“BMX was my passion. It was just my thing,” Gillett said. “I’d just focus on that and do my school — and that’s all I did.”

Dakota Gillett, who was diagnosed with lifetime paralysis after a bike accident last year, was pedaling again recently on Health Science Campus.

On July 3, 2016, while on vacation in Tucson, Ariz., he entered a BMX contest that would forever change his life. When attempting a jump over a barrel, Gillett fell and broke his C3 and C4 vertebrae, which resulted in him being paralyzed from the chest down.

His mom, Heidi, was home in Montpelier, Ohio, when her son was injured. After arriving at the hospital in Arizona, she was not prepared for what she saw.

“There was Dakota, with tubes everywhere. He had a ventilator in. He had tubes coming out of his neck, he had two central lines put in,” she said. “He was just sitting there. He just looked so miserable and so sad. I’ve never seen him like that.”

Eman Jarouche, physical therapist at UTMC’s Outpatient Therapy Services, worked with Dakota Gillett.

After undergoing surgeries and beginning rehabilitation, Gillett was transferred to the Rehabilitation Hospital of Northwest Ohio on the UT Health Science Campus to be closer to home. He then progressed to outpatient care at UT Medical Center.

“He started off here in our facility in a wheelchair,” said Eman Jarouche, physical therapist at UTMC’s Outpatient Therapy Services. “He had mentioned that he was able to stand a couple of times and try to take a step, but that was all he was able to do when he started here.”

During the next nine months, Gillett and his mom traveled more than an hour from their home to UTMC at least twice each week for physical therapy and occupational therapy services.

Gillett and Jarouche

“Once he came here, they instantly put him on a harness, and they put him on a treadmill and got him walking,” Gillett’s mom said.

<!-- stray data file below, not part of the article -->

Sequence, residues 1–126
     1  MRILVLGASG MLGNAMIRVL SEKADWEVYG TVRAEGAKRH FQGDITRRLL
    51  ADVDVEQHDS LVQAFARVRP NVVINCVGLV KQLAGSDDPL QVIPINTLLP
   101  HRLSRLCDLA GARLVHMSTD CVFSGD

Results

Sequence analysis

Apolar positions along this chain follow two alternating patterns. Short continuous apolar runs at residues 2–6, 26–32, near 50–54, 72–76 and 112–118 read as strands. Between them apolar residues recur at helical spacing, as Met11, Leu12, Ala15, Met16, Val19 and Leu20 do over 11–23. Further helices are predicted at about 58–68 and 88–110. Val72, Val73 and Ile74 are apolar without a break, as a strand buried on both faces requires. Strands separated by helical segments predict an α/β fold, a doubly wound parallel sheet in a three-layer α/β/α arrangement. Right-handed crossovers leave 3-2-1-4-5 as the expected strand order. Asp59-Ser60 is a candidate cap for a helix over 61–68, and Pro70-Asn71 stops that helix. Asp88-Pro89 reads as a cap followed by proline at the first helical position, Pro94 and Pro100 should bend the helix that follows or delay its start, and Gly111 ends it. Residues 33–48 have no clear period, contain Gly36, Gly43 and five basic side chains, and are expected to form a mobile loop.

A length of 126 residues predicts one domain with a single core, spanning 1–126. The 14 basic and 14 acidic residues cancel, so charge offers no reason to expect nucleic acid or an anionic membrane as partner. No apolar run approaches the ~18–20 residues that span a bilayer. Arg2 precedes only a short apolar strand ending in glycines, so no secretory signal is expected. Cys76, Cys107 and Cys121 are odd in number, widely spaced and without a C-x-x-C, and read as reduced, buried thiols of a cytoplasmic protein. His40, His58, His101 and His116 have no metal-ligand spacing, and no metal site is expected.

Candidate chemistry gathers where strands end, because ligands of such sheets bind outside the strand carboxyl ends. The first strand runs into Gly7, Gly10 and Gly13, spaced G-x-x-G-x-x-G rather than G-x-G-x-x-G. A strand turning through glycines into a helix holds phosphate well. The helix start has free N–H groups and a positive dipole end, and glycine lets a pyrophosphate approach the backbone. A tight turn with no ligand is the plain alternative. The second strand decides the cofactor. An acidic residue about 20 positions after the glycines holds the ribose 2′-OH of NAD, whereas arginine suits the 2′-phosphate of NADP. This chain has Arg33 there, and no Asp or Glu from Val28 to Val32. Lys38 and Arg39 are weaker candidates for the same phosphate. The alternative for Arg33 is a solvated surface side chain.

In spite of a diagnosis of lifetime paralysis with little chance of walking, Gillett was determined to get back on his bike by the first anniversary of his accident.

“As my body got stronger, we started talking about getting back on my bike,” he said. “I went out and bought a helmet and bought a strap for my left leg and said, ‘OK, now it’s time to focus.’ They put the belt on and were like, ‘OK, you’re on your own,’ and I look back and I’m on my own! This was unbelievable.”

“His biggest goal was getting back on the bike by the one-year mark, and now he’s riding with the wind in his hair!” Jarouche said.

Gillett’s mom credits Jarouche and the rest of her son’s therapy team at UTMC for pushing him while giving him the quality care he needed.

“I felt like these guys actually cared and made sure that that person could get to where they needed to get,” she said. “When Dakota would get his goals, they would be doing dances with him. I’m just so happy with this place.”

“My experience at UT is possibly the best experience that I’ve ever had in my whole life because they never give up and they always push you to your limits,” Gillett said.

To watch Gillett’s story, click here.